Later industries included a poultry processing plant, a mobile home manufacturing plant, and several textile mills. Ithaca Industries produced ladies hosiery and at the height of its operation, employed 1,100 people.
Robbins, like other rural towns in the South, began to suffer loss to its manufacturing base around 1990 and escalated throughout the 90s. According to the Employment Security Commission, Robbins has lost 1,447 jobs since 1990. The town has also lost a very large portion of its water and sewer customer.
Robbins is located at (35.430024, -79.580284).
Robbins is located on NC Highway 705 Pottery Highway
According to the United States Census Bureau, the city has a total area of 1.3 square miles (3.4 km2), all of it land.
As of the census of 2000, there were 1,195 people, 423 households, and 286 families residing in the city. The population density was 935.1 people per square mile (360.5/km²). There were 471 housing units at an average density of 368.6 per square mile (142.1/km²). The racial makeup of the city was 63.60% White, 2.34% African American, 0.33% Native American, 0.17% Asian, 0.42% Pacific Islander, 32.30% from other races, and 0.84% from two or more races. Hispanic or Latino of any race were 48.37% of the population.
There were 423 households out of which 33.8% had children under the age of 18 living with them, 50.1% were married couples living together, 12.1% had a female householder with no husband present, and 32.2% were non-families. 29.1% of all households were made up of individuals and 16.3% had someone living alone who was 65 years of age or older. The average household size was 2.81 and the average family size was 3.45.
In the city the population was spread out with 28.5% under the age of 18, 12.1% from 18 to 24, 28.7% from 25 to 44, 16.2% from 45 to 64, and 14.5% who were 65 years of age or older. The median age was 31 years. For every 100 females there were 102.2 males. For every 100 females age 18 and over, there were 95.7 males.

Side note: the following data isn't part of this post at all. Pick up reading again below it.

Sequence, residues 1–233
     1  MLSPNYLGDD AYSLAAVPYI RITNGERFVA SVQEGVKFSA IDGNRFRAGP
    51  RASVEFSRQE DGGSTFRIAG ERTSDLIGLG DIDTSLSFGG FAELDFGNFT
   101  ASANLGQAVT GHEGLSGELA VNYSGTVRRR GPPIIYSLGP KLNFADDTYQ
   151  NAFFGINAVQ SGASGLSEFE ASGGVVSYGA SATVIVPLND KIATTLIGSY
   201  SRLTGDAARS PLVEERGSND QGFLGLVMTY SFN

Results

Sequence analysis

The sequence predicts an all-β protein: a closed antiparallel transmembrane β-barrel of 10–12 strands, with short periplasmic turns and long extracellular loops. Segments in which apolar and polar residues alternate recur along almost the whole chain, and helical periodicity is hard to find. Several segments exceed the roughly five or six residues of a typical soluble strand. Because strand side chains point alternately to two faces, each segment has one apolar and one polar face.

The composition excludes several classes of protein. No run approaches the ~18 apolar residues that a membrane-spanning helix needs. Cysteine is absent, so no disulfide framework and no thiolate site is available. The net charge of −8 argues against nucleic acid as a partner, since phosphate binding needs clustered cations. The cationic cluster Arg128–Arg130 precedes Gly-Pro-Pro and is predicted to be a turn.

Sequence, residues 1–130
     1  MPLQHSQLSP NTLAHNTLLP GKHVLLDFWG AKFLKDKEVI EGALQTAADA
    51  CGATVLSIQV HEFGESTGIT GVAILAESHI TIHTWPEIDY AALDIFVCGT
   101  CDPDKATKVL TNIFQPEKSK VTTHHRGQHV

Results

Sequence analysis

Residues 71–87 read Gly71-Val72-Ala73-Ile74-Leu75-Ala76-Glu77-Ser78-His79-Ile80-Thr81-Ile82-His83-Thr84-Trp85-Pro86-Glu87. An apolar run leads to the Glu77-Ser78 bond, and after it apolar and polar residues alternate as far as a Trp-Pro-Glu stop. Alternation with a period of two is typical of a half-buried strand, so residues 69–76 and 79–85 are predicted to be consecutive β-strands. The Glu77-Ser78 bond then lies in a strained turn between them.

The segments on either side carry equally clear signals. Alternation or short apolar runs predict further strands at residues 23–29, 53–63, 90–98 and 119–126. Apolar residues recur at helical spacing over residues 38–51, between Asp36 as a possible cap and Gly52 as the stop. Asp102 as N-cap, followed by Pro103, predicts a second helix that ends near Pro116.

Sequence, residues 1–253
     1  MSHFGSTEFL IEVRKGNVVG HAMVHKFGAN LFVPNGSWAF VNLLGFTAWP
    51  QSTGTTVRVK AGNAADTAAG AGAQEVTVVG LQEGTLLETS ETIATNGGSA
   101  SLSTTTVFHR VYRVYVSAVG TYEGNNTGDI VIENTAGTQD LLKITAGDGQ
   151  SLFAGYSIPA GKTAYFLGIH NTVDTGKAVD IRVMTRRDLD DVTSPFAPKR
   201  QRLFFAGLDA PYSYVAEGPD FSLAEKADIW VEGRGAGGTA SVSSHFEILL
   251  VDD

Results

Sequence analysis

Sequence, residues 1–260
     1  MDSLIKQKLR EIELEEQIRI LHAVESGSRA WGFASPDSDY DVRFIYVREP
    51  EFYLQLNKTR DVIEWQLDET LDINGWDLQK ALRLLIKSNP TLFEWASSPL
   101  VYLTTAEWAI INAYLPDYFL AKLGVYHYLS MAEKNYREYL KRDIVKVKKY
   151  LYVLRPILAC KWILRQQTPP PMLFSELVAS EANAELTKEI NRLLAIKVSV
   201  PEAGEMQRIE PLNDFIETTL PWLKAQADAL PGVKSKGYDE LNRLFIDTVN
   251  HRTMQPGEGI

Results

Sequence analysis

The median income for a household in the city was $28,828, and the median income for a family was $33,523. Males had a median income of $21,346 versus $17,391 for females. The per capita income for the city was $14,468. About 18.4% of families and 22.0% of the population were below the poverty line, including 31.1% of those under age 18 and 10.7% of those age 65 or over.
There are many attractions in the Robbins area such as the annual Farmers Day, the Northern Moore Fiddlers Convention, etc. The most popular places in Robbins are Milliken (mill-a-ken) Park, Robbins Mill Pond Park, Bear Creek Trails, Bear Creek, Tracy Brown Park, Jake's Place Cafe, Carolina Fried Chicken Restaurant, The Little Village Restaurant and War Sport Industries. Currently, Robbins is in the middle of restoring its historic theater and train depot. It is also home to the Standard Mineral Company, a mine on the outskirts of town that ships Pyrophyllite all over the world. War Sport Industries is maintaining the towns heritage of gun manufacturing with the opening of gun and ammo manufacturing facilities.
Robbins regularly host Robin Sage, a training exercise by the United States ArmySpecial Forces that is the litmus test for soldiers striving to earn the coveted Green Beret.
John Edwards, American politician, former US Senator, two-time Presidential candidate, 2004 Vice-Presidential running mate of John Kerry, grew up in Robbins (he was born in Seneca, South Carolina). Charles E. Brady Jr. Astronaut,flew on space shuttle STS-78 in 1996 and logged over 405 hours in space.
- "Cape Fear Region Results". Fayetteville Observer. November 9, 2011.
- "American FactFinder". United States Census Bureau. Retrieved 2008-01-31.
- "US Board on Geographic Names". United States Geological Survey. 2007-10-25. Retrieved 2008-01-31.
- Hemp, North Carolina Industrial Hemp - Hemp, North Carolina
- Hemp, North Carolina Industrial Hemp - Hemp, North Carolina
- "US Gazetteer files: 2010, 2000, and 1990". United States Census Bureau. 2011-02-12. Retrieved 2011-04-23.
- "Annual Estimates of the Resident Population for Incorporated Places: April 1, 2010 to July 1, 2014". Retrieved June 4, 2015.
- "Census of Population and Housing". Census.gov. Retrieved June 4, 2015.